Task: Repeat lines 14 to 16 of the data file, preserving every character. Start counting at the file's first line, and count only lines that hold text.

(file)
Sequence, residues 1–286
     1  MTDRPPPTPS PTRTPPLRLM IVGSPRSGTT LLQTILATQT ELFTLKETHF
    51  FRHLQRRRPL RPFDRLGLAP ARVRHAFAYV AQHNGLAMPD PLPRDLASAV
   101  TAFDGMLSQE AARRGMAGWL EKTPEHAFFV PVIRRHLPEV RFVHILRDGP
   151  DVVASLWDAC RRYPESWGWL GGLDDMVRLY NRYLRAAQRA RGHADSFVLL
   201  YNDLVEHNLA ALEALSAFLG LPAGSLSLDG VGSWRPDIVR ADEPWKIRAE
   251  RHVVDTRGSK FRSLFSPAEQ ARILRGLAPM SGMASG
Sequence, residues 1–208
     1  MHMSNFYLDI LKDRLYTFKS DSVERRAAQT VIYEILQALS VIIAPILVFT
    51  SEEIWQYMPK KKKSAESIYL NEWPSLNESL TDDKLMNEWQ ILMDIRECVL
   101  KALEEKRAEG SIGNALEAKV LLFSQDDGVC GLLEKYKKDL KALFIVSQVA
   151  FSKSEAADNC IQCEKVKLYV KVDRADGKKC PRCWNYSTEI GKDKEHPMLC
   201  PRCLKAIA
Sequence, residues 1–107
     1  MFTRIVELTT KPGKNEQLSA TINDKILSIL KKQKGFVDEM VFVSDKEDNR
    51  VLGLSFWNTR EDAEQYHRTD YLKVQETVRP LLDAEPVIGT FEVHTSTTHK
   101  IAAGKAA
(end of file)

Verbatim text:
Sequence, residues 1–107
     1  MFTRIVELTT KPGKNEQLSA TINDKILSIL KKQKGFVDEM VFVSDKEDNR
    51  VLGLSFWNTR EDAEQYHRTD YLKVQETVRP LLDAEPVIGT FEVHTSTTHK